Laura Reznek

Feature Release


Agrimony is the new record from Canadian-born, UK-based musician Laura Reznek. The eight-track LP boasts beautiful arrangements that nod to Reznek’s classical training, a perfect complement to her insightful observational lyricism. Found sounds occasionally break through the plush instrumentation; infusing Agrimony with unexpected textures that bristle with something a little darker.

In the world of plant healing, agrimony is said to be a catalyst for honesty, dissolving the mask and helping those who struggle to unveil their truest selves. The same could be said for the incisive effect of Reznek’s uniquely astute commentary. On Agrimony, autobiographical threads mingle with everyday minutiae gleaned from avid people-watching; the micro often reflecting the macro in each carefully constructed narrative. Stand-out track “Collectors” provides an obvious example; weaving the cynicism of a disillusioned retail worker into a broader commentary on unethical capitalist co-optation of marginalised cultures.

Reznek’s influences range from cinematic scores to modern Scandi-pop, and musicianship has been a dominant thread in her life from a young age. She took up the violin at just three years old, but performance was not the only aspect of her work that manifested so impressively early. The first sentence Reznek strung together as a child – “'I do myself” – seemed to foreshadow her passionately DIY approach to her vocation. The past five years have seen Reznek living and working in the UK. Pre-pandemic she led the textbook nomadic lifestyle of a touring musician, writing many of Agrimony’s songs whilst on the road. A wintry
trip to Berlin spawned “Green Linoleum”, a nostalgic ode to a simpler time. Through its shifting tapestry of memories, the track taps keenly into a generational fear of change and growing older, exacerbated by global uncertainties. Meanwhile, “Important” came into being in the back of a camper van in Iceland. Reznek found herself looking out at a herd of sheep huddled tight against the fence separating them from a fresh pasture, instead of exploring the field in which the found themselves. “It just reminded me of living in this world,” Reznek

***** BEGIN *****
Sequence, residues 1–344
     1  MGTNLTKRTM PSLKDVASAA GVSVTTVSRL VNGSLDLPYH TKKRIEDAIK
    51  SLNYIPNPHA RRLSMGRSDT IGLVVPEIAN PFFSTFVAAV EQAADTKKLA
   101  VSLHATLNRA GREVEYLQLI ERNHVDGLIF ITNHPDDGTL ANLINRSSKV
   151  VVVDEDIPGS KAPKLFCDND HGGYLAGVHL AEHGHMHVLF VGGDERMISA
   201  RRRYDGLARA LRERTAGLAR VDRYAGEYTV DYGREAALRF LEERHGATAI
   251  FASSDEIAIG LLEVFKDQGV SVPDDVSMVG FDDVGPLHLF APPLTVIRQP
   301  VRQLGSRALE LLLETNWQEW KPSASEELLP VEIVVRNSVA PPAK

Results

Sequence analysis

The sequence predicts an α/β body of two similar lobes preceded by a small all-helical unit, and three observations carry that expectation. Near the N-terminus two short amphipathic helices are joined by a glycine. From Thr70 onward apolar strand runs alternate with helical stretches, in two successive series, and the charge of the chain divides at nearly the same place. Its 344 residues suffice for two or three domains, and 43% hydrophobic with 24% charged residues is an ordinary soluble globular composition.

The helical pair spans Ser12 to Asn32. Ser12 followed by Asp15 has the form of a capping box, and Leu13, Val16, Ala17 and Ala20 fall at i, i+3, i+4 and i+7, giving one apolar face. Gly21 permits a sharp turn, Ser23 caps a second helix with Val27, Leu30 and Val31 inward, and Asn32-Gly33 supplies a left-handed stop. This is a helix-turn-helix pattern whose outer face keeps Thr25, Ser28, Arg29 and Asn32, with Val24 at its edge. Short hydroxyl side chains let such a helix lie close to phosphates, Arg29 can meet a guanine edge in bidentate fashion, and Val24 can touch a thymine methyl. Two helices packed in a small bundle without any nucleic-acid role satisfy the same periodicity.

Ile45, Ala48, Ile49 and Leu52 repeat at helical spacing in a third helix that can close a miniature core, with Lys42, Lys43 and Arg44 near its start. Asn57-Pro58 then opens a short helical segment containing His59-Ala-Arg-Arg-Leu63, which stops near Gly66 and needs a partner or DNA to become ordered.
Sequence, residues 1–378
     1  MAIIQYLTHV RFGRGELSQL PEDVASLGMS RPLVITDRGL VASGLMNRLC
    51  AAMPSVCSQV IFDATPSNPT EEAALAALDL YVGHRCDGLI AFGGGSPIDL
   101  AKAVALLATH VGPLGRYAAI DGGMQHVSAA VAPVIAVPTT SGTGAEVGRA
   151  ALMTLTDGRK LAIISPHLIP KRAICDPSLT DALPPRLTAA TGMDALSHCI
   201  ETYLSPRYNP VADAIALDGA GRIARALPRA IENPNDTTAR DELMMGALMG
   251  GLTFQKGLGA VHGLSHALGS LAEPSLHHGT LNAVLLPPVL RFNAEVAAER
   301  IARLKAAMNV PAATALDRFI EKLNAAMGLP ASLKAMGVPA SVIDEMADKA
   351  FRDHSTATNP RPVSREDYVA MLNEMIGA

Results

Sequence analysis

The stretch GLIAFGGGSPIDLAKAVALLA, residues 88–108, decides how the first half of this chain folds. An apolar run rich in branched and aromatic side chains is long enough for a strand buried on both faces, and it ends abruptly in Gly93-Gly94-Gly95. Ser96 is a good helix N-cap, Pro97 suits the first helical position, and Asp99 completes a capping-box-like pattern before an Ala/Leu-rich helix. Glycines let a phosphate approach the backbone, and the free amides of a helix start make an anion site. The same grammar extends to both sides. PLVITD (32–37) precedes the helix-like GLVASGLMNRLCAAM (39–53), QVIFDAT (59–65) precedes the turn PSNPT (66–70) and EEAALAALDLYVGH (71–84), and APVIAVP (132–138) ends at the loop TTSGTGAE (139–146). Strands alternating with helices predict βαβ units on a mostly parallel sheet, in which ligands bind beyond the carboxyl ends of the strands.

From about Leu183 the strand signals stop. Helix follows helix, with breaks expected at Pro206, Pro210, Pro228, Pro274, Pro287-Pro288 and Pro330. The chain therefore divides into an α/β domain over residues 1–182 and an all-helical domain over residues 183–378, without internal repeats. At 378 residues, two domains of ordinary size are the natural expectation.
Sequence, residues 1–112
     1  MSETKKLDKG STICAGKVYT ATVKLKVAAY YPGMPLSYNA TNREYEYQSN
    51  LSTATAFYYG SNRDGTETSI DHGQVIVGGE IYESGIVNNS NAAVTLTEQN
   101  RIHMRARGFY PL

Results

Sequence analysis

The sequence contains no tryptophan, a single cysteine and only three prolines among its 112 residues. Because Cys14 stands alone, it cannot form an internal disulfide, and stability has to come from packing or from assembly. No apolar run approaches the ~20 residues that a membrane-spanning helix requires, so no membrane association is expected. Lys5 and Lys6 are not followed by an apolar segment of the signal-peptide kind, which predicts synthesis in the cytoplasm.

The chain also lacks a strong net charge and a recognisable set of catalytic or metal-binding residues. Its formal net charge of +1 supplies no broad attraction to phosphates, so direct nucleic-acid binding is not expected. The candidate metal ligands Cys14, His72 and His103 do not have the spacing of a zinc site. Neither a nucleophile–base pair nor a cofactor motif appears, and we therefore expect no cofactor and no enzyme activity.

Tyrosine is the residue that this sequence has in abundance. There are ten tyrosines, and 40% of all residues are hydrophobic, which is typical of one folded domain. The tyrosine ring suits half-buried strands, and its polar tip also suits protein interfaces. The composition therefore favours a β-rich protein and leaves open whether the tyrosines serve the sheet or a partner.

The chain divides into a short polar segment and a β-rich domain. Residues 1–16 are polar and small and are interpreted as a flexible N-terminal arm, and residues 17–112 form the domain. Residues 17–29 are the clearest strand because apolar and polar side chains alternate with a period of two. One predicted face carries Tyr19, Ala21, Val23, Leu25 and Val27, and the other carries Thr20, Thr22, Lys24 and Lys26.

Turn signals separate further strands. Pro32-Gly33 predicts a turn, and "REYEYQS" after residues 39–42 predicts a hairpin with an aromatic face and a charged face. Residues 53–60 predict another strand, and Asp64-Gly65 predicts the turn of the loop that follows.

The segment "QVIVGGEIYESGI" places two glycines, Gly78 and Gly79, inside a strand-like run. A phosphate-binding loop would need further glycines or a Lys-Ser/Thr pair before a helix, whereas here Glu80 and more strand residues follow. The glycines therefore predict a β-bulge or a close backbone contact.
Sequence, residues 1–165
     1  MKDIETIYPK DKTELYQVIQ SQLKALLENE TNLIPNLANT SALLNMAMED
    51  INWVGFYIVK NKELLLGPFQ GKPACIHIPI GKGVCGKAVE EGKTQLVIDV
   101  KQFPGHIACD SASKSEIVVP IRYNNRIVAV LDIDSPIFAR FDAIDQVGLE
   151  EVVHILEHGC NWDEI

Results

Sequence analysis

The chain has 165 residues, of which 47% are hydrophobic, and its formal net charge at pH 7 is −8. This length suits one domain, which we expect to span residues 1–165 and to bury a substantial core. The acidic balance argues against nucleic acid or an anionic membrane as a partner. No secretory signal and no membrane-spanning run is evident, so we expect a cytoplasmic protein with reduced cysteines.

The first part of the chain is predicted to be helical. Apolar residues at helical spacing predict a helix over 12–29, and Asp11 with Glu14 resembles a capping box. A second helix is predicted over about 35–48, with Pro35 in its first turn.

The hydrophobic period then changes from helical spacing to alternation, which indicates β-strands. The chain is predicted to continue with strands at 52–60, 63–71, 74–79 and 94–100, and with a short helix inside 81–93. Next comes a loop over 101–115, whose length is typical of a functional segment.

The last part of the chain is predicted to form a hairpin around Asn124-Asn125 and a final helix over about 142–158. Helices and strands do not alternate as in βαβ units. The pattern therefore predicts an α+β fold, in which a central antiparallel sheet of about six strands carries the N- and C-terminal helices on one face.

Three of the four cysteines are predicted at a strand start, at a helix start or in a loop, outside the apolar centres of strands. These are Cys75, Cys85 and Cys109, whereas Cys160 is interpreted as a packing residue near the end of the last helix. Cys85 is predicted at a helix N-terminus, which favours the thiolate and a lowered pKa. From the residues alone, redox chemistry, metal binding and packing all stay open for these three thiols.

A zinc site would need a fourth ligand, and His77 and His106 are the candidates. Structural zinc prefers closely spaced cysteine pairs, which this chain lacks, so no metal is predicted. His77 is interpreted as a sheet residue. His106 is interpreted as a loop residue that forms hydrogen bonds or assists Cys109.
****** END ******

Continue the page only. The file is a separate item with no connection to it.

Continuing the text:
explains. “Never content with all that life has to offer and constantly worrying about what other people have and desperately trying to attain it.” “Important” laments the lack of desire many have to remain “curious and strange” – qualities laudable in a person and, indeed, in this record.

“After, Before” was the last track written for the album, and in Reznek’s eyes it’s a cut that pulls together its most important motifs. Like several of its companions, “After, Before” is a song that focusses on memory. It explores how a significant moment has the power to split time into a before and an after, and all the complications that come with that. There’s a humbleness and an admission of imperfection at its core that is key to Agrimony as a whole – a crystallisation of that very honest-making power promised by this record’s name.

Whilst many of Agrimony’s themes may be challenging, Reznek impresses with impeccably accessible songwriting and production throughout. It’s this marriage that makes the record such a triumph: an engaging and thought-provoking listen appropriate for these uniquely difficult times.

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